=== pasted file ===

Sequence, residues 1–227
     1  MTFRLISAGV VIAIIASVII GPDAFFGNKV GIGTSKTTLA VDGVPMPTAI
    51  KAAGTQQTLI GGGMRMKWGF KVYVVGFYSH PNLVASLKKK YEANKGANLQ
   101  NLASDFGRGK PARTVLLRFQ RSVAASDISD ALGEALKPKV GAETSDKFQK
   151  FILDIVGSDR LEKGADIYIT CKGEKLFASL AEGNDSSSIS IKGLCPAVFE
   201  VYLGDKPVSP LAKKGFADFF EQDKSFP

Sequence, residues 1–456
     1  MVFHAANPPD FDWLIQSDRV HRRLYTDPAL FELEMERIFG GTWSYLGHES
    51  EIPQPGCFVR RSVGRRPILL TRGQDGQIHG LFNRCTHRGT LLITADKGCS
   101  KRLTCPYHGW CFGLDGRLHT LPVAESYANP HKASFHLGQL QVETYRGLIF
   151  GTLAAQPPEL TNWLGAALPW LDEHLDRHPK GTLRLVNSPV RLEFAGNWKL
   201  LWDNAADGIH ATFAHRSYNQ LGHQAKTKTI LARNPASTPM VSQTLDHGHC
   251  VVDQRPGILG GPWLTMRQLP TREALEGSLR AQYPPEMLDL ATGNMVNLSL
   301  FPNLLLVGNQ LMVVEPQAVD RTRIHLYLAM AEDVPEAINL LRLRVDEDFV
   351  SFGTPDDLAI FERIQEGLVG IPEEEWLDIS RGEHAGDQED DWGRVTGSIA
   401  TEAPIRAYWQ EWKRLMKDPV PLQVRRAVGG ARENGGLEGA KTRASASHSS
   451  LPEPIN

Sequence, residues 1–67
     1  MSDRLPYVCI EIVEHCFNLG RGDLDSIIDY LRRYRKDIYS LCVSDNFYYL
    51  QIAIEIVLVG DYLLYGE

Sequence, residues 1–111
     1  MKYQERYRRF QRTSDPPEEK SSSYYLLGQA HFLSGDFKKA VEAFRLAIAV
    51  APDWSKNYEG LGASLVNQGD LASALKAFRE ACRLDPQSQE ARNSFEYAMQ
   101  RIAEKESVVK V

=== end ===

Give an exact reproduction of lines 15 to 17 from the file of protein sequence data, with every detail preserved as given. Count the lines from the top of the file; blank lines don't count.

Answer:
   351  SFGTPDDLAI FERIQEGLVG IPEEEWLDIS RGEHAGDQED DWGRVTGSIA
   401  TEAPIRAYWQ EWKRLMKDPV PLQVRRAVGG ARENGGLEGA KTRASASHSS
   451  LPEPIN